NABOKV-L post 0012992, Sun, 30 Jul 2006 21:13:56 -0700

Shade and Shape in Pale Fire by Brian Boyd
NOTE: I picked this up off a Praue TV web page. As i recall it first appeared in NABOKOV STUDIES and them as part of Boyd's Pale Fire monograph.

D.Barton Johnson

Wed Mar 10th 16:48 2004 / #46
Shade and Shape in Pale Fire by Brian Boyd
. . . which, I hope, sufficiently approximates the text,
or is at least faithful to its spirit
--Pale Fire, Note to Lines 39-40
For those who have been following the story so far: this will not lead where you expect.
Setting out the Problem
The longest-running and the fiercest disagreement in the interpretation of any of Nabokov's works has been over the internal authorship of Pale Fire.1 Nabokov wrote the novel in 1960-1961, and published it in 1962, but Charles Kinbote signs the Foreword on October 19, 1959, after having also written the Commentary to John Shade's 999-line poem, "Pale Fire," which he reports was composed between July 2 and July 21, 1959. Kinbote has evidently also compiled the Index. In the fictive world where Kinbote can sign his Foreword in "Cedarn, Utana," there seems no doubt about who wrote what in this annotated edition of Shade's magnum opus.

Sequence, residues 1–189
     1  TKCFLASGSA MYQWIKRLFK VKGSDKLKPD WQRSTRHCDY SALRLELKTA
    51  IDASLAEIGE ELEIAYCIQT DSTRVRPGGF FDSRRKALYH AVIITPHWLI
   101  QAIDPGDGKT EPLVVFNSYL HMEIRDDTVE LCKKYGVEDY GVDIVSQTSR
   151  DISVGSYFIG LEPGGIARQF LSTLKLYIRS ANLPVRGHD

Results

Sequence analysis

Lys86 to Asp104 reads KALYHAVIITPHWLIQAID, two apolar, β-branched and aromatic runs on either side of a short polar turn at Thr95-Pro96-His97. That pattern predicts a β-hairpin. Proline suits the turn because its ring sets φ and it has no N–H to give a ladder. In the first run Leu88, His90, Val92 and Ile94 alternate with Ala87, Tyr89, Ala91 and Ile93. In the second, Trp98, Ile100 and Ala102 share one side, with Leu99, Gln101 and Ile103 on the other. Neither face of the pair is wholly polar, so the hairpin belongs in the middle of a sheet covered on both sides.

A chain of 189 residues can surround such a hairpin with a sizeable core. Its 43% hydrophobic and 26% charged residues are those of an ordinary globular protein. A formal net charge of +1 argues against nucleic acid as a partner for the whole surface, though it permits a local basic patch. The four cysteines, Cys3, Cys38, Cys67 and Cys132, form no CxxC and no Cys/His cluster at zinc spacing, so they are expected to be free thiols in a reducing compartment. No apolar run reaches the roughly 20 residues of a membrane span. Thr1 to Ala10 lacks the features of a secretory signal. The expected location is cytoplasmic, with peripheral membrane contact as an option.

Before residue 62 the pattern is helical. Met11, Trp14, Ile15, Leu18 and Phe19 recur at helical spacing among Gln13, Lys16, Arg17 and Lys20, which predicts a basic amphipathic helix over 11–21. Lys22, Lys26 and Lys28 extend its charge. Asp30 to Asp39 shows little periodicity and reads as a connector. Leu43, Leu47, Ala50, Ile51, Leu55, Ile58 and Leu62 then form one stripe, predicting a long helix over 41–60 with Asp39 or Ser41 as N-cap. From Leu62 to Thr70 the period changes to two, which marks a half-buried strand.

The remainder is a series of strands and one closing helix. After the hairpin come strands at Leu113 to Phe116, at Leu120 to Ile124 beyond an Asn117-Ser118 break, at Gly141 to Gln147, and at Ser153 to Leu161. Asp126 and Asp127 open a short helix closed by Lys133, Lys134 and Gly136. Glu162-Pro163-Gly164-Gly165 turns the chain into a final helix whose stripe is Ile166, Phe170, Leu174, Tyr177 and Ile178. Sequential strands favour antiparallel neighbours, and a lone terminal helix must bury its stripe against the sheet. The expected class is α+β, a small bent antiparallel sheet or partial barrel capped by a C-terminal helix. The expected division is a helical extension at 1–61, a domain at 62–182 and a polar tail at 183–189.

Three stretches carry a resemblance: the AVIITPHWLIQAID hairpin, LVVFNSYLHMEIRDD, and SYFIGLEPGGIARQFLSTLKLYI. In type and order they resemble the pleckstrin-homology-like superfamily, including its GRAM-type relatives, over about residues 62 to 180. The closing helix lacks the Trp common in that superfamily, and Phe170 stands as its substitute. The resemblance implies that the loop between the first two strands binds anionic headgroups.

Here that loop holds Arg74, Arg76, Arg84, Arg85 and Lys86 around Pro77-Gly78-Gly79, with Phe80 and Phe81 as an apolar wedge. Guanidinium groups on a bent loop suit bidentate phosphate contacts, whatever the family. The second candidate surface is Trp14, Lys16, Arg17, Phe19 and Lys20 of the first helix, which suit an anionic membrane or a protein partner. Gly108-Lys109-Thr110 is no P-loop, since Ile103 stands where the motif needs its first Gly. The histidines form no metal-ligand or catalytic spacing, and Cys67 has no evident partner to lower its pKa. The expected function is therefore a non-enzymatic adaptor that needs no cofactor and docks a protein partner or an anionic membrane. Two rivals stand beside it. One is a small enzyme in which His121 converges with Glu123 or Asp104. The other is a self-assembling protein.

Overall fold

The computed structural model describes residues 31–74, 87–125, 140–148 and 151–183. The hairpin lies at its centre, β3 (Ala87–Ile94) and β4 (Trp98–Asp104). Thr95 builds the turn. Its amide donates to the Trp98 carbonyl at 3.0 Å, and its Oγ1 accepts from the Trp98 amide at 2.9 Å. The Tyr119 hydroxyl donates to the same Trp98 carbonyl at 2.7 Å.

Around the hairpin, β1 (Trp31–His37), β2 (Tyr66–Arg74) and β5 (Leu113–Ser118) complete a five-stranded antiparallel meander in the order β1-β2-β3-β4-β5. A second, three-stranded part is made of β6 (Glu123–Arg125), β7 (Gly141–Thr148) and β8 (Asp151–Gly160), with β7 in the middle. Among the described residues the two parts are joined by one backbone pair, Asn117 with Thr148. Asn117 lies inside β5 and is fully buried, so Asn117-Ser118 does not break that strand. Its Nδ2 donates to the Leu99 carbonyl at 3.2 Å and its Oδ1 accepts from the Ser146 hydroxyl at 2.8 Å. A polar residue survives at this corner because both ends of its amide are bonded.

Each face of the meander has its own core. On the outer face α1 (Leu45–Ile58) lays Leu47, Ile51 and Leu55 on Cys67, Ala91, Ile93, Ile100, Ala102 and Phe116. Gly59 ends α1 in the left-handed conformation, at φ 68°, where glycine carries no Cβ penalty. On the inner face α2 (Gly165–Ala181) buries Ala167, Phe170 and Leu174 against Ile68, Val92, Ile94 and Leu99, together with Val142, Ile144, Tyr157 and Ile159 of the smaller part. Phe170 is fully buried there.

Nevertheless since shortly after publication of Pale Fire readers have proposed that these attributions are perhaps as deceptive as the novel's characters and events. Jakob Gradus, the stalker of the former Charles II of Zembla, seems likely to be no more than a fantasy superimposed on the real Jack Grey by Kinbote, who thinks he is the Zemblan king but is probably not, and may in fact be a Russian scholar named Vseslav Botkin. That much readers can suspect or even deduce on a first or second reading.2 But after more prolonged immersion in Pale Fire some critics have suggested that Shade seems in fact to have written the entire volume, not just the poem; others have argued instead that Kinbote wrote it all, poem included; still others maintain that Nabokov undermines the apparent dual authorship but deliberately leaves attributions unresolved, so that while there is evidence that either Shade or Kinbote could have written the whole, the reader, like someone looking at the perceptual psychologists' pet image, now sees duck, now rabbit, but cannot settle on a single stable response.